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Obama warns GOP against shutting down government

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BINGHAMTON, N.Y. — Casting an eye toward upcoming budget fights, President Barack Obama on Friday warned Republicans against trying to defund his signature health care law, vowing to protect spending on education, scientific research and America's infrastructure.

Taking questions from college students in central New York, Obama decried the Republican approach as "penny-wise and pound-foolish," predicting the U.S. will fall further and further behind other nations in decades to come unless it prioritizes creating opportunities for young people.

"When Congress gets back to Washington, this is going to be a major debate," Obama said during a town hall at Binghamton University.

Obama said it's the same debate he and lawmakers have been having for two years and that the difference now is that the U.S. has made progress in cutting deficits.

"My position is going to be that we can have a budget that is sensible, that doesn't spend on programs that don't work, but does spend wisely on those things that are going to help ordinary people succeed," he said.

These and other contentious issues will come to a head in the fall, when Congress faces deadlines to increase the federal government's borrowing limit and to continue funding the government.

Obama reserved some of his harshest comments for GOP lawmakers seeking a government shutdown over his health care law, arguing that those lawmakers are not offering an economic plan. More than a third of House Republicans are urging their leader to take such a step this fall.

Instead, those lawmakers should focus on the "pocketbook, bread-and-butter" issues that affect Americans, Obama said, citing college affordability as one such issue.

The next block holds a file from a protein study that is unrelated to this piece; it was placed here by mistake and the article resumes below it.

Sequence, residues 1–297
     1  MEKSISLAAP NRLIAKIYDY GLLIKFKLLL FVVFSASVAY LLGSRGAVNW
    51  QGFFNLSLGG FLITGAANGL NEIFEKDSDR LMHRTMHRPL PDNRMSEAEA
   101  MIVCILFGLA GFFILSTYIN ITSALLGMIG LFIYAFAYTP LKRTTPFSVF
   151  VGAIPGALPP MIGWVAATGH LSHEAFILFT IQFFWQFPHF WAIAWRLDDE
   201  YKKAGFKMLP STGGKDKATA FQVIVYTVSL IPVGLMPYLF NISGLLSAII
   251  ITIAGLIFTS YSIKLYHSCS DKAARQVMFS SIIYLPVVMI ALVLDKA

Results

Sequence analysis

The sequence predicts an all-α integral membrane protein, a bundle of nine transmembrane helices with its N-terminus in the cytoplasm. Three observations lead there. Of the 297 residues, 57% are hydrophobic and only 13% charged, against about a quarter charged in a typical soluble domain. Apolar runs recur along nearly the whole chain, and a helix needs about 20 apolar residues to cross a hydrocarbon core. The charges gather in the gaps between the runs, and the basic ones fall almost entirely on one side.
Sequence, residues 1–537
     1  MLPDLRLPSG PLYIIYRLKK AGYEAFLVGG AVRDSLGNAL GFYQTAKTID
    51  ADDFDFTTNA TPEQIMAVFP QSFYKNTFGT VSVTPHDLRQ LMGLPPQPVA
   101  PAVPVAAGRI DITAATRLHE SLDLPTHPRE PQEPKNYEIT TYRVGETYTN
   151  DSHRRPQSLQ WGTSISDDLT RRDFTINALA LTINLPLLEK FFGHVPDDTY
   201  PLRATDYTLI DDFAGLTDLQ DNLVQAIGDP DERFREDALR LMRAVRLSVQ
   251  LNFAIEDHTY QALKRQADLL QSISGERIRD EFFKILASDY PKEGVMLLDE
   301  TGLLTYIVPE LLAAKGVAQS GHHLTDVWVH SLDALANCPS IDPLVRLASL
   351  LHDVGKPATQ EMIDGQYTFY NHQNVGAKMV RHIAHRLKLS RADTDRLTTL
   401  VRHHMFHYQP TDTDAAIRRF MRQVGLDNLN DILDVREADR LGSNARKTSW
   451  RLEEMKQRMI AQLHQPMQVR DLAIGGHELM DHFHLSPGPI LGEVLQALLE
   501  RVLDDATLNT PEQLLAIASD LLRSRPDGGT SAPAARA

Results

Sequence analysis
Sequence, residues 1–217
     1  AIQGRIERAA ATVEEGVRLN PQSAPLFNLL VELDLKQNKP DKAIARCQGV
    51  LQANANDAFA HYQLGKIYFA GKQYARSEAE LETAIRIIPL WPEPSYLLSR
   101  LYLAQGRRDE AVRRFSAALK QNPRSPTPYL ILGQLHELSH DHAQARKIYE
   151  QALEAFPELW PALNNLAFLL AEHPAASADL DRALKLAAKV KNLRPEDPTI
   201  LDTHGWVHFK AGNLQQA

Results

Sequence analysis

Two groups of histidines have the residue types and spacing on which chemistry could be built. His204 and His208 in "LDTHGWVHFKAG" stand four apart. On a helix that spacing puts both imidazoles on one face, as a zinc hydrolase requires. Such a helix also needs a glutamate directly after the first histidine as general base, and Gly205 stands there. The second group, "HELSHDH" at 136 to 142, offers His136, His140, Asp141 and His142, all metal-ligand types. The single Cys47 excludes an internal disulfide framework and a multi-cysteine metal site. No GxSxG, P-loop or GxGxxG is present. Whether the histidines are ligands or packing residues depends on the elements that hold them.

Despite the deepening crises in Egypt and Syria, all 10 questions posed to the president focused on domestic issues, mainly education. While the questions were not screened, Obama's advisers have aimed this summer to keep the president's public agenda focused on domestic priorities, even as international issues compete for his attention.

Riffing on his own experience teaching law, Obama suggested that law schools in the U.S. should cut down to two years instead of three to cut costs for students. "This is probably controversial to say, but what the heck. I'm in my second term," he said to laughter.

Obama also addressed the plight of gay students whose parents withhold financial help, describing it as a phenomenon likely to ebb as society becomes more accepting. Asked about educational opportunities for minorities, Obama said even if discrimination could be magically eliminated, the legacy of bias would continue to pose barriers to success for blacks, Latinos, Native Americans and other groups.

Later Friday, Obama headed to Joe Biden's hometown of Scranton, Pa., for a joint event with the vice president. The rally marked Biden's first public event since his son Beau, the Delaware attorney general, underwent tests this week at a cancer center in Texas.

"My son Beau is doing fine," Biden told the cheering hometown crowd.

The president and vice president's joint appearance coincided with the five-year anniversary of the day Obama announced Biden as his running mate in the 2008 presidential campaign.

"It was the best decision I ever made politically," Obama said.

Follow Julie Pace at http://twitter.com/jpaceDC